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So what exactly is going on with UKIP? It seems that an essentially anti-European party has garnered support from a rise in racist and anti-immigrant sentiment caused by the recession. UKIP’s popularity in the polls has scared the big parties, which have ramped up their own anti-immigrant messages in an attempt to recover support from their defectors. And all of this has resulted in a way of thinking which was decreasing being relegitimised.

I have to say, I think the big parties are by no means blameless in this. The Conservatives have been spouting anti-immigrant rhetoric for years, but Labour should certainly know better. They have signally failed to move away from a position of woolly political correctness to one of firmly and publicly taking a stand.  Both Labour and the Conservatives seem to be so frightened of upsetting the voters that they allow all manner of old tosh to be spouted as though it were gospel truth without challenging it. Where is the vision and leadership in that?

To take some examples of the sort of thing they could, even should, be saying, and not just saying once, but saying loudly again and again:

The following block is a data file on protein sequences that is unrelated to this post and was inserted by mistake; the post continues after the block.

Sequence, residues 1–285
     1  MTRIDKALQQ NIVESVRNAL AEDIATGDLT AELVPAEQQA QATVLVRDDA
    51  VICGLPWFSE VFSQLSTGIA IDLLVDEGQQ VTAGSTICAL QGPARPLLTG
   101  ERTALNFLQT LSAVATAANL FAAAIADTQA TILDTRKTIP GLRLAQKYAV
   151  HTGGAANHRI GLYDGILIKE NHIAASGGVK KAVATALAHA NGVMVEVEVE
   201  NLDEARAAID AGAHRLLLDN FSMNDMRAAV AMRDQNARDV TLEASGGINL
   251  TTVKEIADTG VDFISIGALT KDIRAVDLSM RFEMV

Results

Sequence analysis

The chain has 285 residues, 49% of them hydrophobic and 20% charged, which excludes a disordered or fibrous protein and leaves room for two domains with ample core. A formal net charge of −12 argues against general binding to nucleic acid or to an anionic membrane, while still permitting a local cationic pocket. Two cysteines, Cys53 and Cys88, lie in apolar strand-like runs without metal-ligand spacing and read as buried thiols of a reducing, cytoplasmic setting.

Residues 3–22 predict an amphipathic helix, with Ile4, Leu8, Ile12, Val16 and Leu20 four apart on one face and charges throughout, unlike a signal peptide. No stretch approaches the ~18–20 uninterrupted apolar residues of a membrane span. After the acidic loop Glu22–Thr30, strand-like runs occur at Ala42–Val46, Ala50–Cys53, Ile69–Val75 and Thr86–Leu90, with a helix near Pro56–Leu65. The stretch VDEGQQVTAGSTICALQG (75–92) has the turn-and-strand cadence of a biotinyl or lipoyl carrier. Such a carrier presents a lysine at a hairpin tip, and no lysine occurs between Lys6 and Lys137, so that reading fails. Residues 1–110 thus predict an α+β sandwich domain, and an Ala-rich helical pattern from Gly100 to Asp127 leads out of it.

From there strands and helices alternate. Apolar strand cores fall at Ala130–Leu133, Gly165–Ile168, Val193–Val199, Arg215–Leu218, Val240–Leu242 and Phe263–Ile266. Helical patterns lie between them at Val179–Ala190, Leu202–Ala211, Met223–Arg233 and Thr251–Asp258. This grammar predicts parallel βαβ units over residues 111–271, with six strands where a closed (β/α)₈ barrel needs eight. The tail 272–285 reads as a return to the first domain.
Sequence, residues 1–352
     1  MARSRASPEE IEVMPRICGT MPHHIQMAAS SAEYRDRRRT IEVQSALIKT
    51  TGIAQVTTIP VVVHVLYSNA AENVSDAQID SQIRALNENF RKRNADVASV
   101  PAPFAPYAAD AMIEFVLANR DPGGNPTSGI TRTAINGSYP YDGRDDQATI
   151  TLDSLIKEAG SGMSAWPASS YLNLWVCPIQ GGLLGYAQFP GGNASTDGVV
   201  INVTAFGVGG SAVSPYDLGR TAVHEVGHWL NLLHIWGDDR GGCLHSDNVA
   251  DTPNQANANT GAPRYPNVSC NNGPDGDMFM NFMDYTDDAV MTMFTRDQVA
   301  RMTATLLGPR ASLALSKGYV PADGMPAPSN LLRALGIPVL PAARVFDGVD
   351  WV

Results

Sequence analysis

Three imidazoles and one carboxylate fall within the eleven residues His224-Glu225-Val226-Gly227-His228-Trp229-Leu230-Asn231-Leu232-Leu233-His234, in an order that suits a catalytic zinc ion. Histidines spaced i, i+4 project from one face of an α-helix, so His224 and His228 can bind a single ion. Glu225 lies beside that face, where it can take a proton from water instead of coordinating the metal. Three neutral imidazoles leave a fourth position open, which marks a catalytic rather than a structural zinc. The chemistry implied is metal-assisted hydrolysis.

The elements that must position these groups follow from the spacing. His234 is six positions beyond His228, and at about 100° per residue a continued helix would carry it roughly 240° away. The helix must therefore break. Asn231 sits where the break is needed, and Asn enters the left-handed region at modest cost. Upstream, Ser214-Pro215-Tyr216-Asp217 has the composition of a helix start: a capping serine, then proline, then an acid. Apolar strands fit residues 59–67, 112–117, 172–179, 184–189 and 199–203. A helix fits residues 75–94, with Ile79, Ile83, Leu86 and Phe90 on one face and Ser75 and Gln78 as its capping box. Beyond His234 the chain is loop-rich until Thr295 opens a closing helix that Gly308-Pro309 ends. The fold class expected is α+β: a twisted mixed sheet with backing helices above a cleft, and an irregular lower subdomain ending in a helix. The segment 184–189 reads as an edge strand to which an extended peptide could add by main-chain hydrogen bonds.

1. Immigrants are not a drain on our welfare coffers. People who were not born in this country contribute more in taxes than they take out in benefits, so this country receives a net gain in wealth from immigration.
2. Our national health service is dependent on immigrant doctors and nurses to function. If we “sent them all back” tomorrow, it would collapse. One in three hospital consultants, around thirteen and a half thousand of them, were born abroad.  It takes seven years to train a doctor so it would take years to replace them, if indeed we ever could. It is also highly costly; it costs £250,000 to train a doctor, so to replace those consultants, taking into account the training they would need to reach the higher level, would probably not leave us much change from five billion pounds. Can we even afford that?

More tomorrow.